The next-generation of catalysts, solar cells, and microchips will be built and manipulated with precision stretching from the macroscopic to the atomic. There are two principle elements to advancing nanoscale fabrication: construction and characterization. Kevin Yager, a staff scientist at Brookhaven Lab’s Center for Functional Nanomaterials (CFN), happens to specialize in both. Yager’s expertise includes making materials through meticulously guided self-assembly, and probing nanoscale structures with x-ray scattering.
Visible light has a wavelength that is much larger than the nanomaterials we explore at CFN, making it impossible to directly visualize them. X-rays, however, have very short wavelengths, making them ideal for measurements at the atomic and nanoscale. I specialize in x-ray scattering, where an intense and focused x-ray beam is fired through a sample. The x-rays diffract off the atomic and molecular structures, and we measure the angles of that scattering with sophisticated detectors. We end up with these very complex and inscrutable diffraction patterns.
That’s one of the trickiest parts of my work, and it combines quite a bit of both computer science and theoretical modeling. The diffraction pattern is a far cry from being a direct representation. You get features like peaks, rings, or halos. It’s almost the Fourier transform of the samples’ structure, except that since we’ve only measured the amplitude and not the phase of the scattering, we cannot invert the data to obtain the structure. Instead, we develop mathematical models to fit the data, and thereby infer the real-space structure. Different kinds of nanostructures thus require different kinds of models. In fact, I often develop new models for specific user experiments, and that’s part of what makes the work so interesting.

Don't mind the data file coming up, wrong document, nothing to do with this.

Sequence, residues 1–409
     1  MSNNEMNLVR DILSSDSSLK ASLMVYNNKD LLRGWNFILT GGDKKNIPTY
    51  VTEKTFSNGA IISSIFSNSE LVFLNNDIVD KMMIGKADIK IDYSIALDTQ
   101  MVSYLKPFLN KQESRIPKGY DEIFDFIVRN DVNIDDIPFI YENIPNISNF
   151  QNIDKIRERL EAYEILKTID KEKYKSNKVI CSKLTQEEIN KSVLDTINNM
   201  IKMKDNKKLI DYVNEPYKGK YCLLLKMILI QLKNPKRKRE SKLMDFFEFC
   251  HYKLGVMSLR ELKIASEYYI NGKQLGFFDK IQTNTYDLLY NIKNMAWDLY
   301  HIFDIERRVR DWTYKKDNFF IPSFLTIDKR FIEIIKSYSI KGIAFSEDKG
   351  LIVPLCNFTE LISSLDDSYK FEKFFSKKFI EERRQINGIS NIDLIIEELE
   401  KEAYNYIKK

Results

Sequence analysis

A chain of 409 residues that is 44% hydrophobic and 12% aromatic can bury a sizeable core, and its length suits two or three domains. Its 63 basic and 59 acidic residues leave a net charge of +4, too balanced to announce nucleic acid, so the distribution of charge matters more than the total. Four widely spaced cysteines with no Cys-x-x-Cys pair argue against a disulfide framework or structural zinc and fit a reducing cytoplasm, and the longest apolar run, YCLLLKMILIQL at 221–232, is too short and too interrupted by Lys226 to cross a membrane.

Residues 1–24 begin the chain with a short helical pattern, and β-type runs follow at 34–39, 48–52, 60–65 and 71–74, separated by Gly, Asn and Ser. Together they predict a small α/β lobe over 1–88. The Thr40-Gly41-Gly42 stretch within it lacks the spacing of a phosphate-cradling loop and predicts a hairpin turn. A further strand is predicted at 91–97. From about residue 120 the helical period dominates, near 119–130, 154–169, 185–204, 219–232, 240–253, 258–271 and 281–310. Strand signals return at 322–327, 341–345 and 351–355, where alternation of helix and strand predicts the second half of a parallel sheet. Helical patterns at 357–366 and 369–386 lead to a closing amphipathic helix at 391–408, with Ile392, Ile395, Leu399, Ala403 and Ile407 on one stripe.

There are many different kinds of x-ray scattering experiments, tuned to probe different structures at different scales. For instance, wide-angle scattering can reveal molecular structure, molecular packing, and atomic spacing, while small-angle scattering can address nanoscale structure, phase separation of polymers, lithographic patterns, particle orientations, and so on. In my own research and my work with users, I take advantage of a whole suite of x-ray scattering techniques in concert.
One major difference with electron microscopy, for example, is that x-ray scattering measures the average structure over large areas. For example, this lets you know whether your nanostructures are truly uniform over an entire device, so it’s obviously of importance for industrial applications. We’re resolving atomic and nanoscale structures, but we’re doing it globally rather than locally.
X-ray scattering also works well for in situ experiments. For example, probing materials in solutions or under conditions very similar to actual operational environments. This is key when it comes to advancing energy technology. Electron microscopy—incredibly useful in its own right—usually requires high vacuum, whereas we can tweak and test different conditions and get crucial real-time performance data.